Peach Mountain Observatory is the home of a 26 meter radio dish, and is located in Michigan at 42.4 N, 83.9 W. The observatory is in Stinchfield Woods, approximately 15 miles from the University of Michigan’s Ann Arbor campus. The radio telescope there was once the second largest steerable radio telescope in the world and made key astronomical discoveries in the mid-1960s. The Observatory was profiled by the Michigan College of Engineering recently, commemorating the transfer of the dish from the Astronomy department to the departments of Aerospace Engineering and Climate and Space Sciences and Engineering.
Atmospheric, Oceanic and Space Science (AOSS.)
Peach Mountain’s 26-meter parabolic antenna is constrained to a maximum slew rate of 15 degrees-per-minute due to its large size. Researchers at MXL were able to use Simulation Tool Kit (STK) to determine the angular rate of the one of our satellites, M-Cubed, during its passes over the Peach Mountain facility. The mean trackable pass duration is approximately 2 minutes and 20 seconds, with median trackable pass duration of approximately 2 minutes. This is sufficient time to attempt commanding of the satellite provided that all passes are well planned and executed.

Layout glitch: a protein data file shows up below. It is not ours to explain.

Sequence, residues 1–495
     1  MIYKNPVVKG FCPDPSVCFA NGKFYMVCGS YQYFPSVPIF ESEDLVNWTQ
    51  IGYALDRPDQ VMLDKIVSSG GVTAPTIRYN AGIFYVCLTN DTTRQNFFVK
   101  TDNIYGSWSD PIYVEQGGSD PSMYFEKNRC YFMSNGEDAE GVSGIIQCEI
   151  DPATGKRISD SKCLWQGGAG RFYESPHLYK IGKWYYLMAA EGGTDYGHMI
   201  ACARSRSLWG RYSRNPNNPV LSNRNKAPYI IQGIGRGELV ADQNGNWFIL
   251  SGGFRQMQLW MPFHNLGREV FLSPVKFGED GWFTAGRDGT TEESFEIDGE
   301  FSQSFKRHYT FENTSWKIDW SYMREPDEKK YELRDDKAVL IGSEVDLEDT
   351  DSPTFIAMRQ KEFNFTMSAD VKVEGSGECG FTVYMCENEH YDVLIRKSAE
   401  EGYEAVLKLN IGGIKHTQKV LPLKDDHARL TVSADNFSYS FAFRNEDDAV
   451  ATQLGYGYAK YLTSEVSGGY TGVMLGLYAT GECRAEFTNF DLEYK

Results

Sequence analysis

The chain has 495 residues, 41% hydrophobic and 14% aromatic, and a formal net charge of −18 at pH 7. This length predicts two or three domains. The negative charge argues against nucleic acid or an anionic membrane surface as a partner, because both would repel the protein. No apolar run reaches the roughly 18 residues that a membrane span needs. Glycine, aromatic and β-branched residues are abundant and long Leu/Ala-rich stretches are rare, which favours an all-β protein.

MXL and SPRL will be using this dish for future research and development. For more information, please contact:
Prof. James Cutler
Michigan Exploration Laboratory
1320 Beal Ave.
3013 FXB Building
Ann Arbor, Mich. 48109-2140
Damen R. Provost
Space Physics Research Laboratory
1114 Space Research Building
2455 Hayward St.
Ann Arbor, Mich. 48109
Office phone: 734-647-9945